These tensions form a conundrum that I continually am confronted with. Keep reviews fair and honest, and remain a responsible social actor with the friends and acquaintances I have made, in readers, fellow reviewers, and authors.  Every book I read, every review I write is a re-assessment of this fundamental problem. Every review is a new change to grapple with these issues. It causes me stress every time I start on a review. It even starts as I am reading a book, wondering what I am going to write about it, how I am going to handle these issues this time out.

So why do I persist? Why do I put myself through this wringer? Why don’t I simply trunk my reviews?  There are two main reasons.

First, any writer, and I am no exception, wants their work to be seen by others. A trunked review is little better than just composing it in my own mind, save for the chance to work on my craft. A writer wants their work to be seen, to be read, to have life beyond their computer screen. I am no exception to this rule. Until my reviews started being published in higher visibility online locales, they languished for lack of attention and feedback. Now, I have people who look forward to my next review, and the reviews have given me offers and opportunities to write other things, in a variety of venues.

Second, I feel like I am providing a useful service. If I can walk that tightrope, and provide fair, balanced, ethical and honest reviews of books, I am providing useful information and feedback out there about books, for readers and authors alike. There are a swath of book review sites which are nothing but glowing reviews of the books they receive, read and review. the reviews at aggregate sites like Amazon are often worse than useless in trying to determine if a book is worth reading, given the propensity for people to use reviews as a way to grind their ax, be it complaints about the cost, jihads against an author, or even stranger obsessions. I like to think my review is far more valuable than that white noise.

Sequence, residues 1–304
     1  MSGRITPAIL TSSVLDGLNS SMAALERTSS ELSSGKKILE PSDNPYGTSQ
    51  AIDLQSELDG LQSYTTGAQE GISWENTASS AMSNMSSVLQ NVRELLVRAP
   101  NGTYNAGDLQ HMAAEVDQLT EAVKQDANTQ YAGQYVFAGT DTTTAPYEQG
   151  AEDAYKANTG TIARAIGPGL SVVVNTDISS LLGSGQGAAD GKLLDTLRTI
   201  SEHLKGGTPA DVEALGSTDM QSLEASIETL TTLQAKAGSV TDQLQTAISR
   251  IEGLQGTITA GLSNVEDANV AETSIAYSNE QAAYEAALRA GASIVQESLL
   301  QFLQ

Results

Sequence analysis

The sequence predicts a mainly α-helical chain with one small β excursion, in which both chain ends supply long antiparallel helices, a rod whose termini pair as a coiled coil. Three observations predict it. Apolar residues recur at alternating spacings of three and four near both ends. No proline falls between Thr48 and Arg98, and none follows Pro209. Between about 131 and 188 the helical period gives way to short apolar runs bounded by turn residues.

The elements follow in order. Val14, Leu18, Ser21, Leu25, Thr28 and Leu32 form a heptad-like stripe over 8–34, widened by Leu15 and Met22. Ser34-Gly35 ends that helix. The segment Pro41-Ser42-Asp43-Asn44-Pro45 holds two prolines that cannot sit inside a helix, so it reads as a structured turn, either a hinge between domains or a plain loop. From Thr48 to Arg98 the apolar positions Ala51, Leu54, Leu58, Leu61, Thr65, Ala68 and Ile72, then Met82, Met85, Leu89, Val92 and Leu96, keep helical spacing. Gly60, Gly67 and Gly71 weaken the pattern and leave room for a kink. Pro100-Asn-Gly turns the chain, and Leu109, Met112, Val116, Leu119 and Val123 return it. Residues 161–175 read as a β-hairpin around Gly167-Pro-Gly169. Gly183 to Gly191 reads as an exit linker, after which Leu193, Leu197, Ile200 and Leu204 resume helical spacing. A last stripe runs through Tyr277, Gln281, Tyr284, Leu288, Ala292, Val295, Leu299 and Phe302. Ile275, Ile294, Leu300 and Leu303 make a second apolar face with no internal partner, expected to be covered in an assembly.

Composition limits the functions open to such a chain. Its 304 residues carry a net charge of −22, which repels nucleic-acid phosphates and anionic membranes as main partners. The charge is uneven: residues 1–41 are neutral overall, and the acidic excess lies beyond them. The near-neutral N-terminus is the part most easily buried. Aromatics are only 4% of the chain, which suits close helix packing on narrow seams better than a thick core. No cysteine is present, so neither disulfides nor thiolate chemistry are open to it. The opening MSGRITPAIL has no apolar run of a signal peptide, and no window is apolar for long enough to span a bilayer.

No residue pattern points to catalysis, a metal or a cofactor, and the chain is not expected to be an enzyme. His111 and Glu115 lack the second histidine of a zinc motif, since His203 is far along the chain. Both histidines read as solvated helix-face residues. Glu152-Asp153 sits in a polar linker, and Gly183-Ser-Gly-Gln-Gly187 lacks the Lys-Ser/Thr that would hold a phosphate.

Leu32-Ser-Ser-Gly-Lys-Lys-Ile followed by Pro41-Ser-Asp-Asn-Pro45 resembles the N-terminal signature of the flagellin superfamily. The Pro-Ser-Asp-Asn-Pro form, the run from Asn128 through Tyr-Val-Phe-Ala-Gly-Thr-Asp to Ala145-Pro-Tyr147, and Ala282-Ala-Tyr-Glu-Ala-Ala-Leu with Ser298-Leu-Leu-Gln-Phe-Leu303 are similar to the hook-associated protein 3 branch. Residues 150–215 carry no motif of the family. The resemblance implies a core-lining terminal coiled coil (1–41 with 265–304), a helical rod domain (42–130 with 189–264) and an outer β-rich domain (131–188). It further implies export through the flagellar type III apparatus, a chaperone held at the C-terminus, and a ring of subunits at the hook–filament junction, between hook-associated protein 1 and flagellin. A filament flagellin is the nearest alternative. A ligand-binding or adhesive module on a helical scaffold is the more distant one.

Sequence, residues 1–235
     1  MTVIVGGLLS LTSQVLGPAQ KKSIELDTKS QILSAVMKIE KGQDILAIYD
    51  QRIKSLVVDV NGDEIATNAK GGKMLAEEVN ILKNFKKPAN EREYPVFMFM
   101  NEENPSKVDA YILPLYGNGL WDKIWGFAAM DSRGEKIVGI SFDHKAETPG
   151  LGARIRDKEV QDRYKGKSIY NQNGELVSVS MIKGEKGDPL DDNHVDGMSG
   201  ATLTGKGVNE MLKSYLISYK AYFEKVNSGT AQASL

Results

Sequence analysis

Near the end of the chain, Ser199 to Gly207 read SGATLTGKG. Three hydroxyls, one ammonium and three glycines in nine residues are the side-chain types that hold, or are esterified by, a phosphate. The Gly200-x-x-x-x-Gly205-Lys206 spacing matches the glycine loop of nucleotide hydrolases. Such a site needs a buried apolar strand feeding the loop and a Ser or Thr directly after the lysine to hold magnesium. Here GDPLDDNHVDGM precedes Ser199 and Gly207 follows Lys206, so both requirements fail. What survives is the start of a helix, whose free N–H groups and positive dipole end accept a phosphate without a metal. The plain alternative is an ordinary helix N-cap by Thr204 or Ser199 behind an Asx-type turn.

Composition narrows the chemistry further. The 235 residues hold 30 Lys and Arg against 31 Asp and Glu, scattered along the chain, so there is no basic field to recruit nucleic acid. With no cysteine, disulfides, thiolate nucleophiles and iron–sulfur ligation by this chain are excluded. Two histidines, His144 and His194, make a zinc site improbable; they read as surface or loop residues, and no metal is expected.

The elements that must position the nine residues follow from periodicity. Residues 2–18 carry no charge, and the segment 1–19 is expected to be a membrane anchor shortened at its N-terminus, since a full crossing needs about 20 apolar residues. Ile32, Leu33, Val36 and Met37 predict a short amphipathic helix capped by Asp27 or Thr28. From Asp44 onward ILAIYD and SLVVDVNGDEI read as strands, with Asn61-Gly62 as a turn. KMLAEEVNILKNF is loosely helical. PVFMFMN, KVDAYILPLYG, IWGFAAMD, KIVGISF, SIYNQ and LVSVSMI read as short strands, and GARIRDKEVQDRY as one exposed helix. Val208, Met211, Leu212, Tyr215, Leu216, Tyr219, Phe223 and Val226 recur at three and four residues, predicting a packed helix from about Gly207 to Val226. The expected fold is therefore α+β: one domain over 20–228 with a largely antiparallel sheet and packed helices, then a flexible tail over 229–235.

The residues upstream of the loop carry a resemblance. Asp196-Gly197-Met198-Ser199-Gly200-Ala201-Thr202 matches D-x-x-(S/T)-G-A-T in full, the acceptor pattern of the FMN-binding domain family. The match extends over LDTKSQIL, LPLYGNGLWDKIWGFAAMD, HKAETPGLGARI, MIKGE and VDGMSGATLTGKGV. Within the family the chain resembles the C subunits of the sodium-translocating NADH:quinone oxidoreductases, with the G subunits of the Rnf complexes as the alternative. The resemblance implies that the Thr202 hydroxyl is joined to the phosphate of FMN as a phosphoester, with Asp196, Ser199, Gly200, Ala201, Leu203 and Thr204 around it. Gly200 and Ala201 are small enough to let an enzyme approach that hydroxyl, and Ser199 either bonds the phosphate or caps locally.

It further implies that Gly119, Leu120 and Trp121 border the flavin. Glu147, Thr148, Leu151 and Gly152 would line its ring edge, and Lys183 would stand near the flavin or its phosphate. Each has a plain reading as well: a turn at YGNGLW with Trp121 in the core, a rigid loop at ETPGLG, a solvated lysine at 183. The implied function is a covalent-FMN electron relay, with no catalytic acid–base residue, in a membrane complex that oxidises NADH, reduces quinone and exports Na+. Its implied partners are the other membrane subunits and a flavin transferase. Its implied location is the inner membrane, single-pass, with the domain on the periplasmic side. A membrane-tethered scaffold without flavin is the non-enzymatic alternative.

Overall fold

So what have I learned? I’ve been reviewing for years, but only in the last year and a half have my reviews had any large amount of visibility due to the venues they have been published in. I have noticed an evolution in my style, improvement in my writing, and an increased readership. I firmly believe that readers and writers reading my work, commenting and talking about my reviews, and in general the greater visibility of my work makes me a better reviewer. I’ve learned from reading my fellow reviewers, as well, studying what they do, what they eschew, and how people react to their work. I have flourished under the pressure.

And so I persist in staying in the stress of their regard as I read and review books.

 

 

Not really a Prince of Amber, but rather an ex-pat New Yorker that has
found himself living in Minnesota for the last 10 years, Paul
“PrinceJvstin” Weimer has been reading SF and Fantasy long before
there was a World Wide Web. He and his book reviews, columns and other
contributions to genre can be found at his own blog, Blog Jvstin
Style,[http://www.skyseastone.net/jvstin ] SF
Signal[http://www.sfsignal.com/archives/author/paulweimer/ ]  the
Functional Nerds[
http://functionalnerds.com/category/book-review/paul-weimer/] ,
Twitter[http://twitter.com/#!/PrinceJvstin ] , Livejournal[
http://princejvstin.livejournal.com/]  and many other places on the
Internet.

The Omniscient Breasts

After years of thinking about this issue, and inspired by a comment on Twitter about omniscient breasts, I have finally written a post on the male gaze, the female gaze, and sexualized women in fantasy and science fiction novels.

Imagine a female pov character is going along about her protagonist adventure, seeing things from her perspective of the world as written in third person. She hears, sees, considers, and makes decisions and reacts based on her view of the world and what she is aware of and encounters. Abruptly, a description is dropped into the text of her secondary sexual characteristics usually in the form of soft-focus Playboy-Magazine-style sexualized kitten-bunny-I-would-fuck-her-in-a-heartbeat lustrous-eyes-and-nipples phrases. Her breasts have just become omniscient breasts.

 

You can read the whole thing over at Hugo-award-winning weblog & fanzine SFSignal.

Teaching Ways to Revise: Necessary Words

In my experience both as a writer and as a writer who reads, the writer has a story in their head that is quite vivid. A less experienced writer often does not yet have the tools to fully bring the story fully to life on the page, to express and translate all the vivid emotion and imagery and idea so that another person can experience some measure of what the writer feels for the story.

So, two things:

 

Thing One:

I reckon the reader will never read exactly the story the writer has in mind because the reader brings their own experiences, thoughts, and reactions to the material. In other words, I maintain that it is impossible for any reader to read exactly the book the writer is doing their best to tell. That’s a topic for another post.